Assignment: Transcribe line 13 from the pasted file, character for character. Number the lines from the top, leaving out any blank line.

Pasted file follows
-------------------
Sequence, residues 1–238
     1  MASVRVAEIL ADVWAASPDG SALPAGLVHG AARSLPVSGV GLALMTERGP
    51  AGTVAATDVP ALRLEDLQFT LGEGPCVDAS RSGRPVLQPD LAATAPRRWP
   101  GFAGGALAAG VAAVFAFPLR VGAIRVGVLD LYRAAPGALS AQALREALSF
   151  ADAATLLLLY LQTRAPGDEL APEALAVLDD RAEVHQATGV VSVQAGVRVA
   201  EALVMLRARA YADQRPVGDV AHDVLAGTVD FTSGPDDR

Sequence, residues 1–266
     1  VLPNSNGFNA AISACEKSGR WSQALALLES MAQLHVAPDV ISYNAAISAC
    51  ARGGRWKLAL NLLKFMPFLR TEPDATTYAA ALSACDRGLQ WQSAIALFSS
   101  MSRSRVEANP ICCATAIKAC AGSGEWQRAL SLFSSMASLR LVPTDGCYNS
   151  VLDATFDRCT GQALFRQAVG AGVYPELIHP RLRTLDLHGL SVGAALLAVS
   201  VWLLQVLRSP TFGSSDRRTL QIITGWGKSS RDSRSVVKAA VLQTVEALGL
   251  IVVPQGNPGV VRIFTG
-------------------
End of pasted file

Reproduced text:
   251  IVVPQGNPGV VRIFTG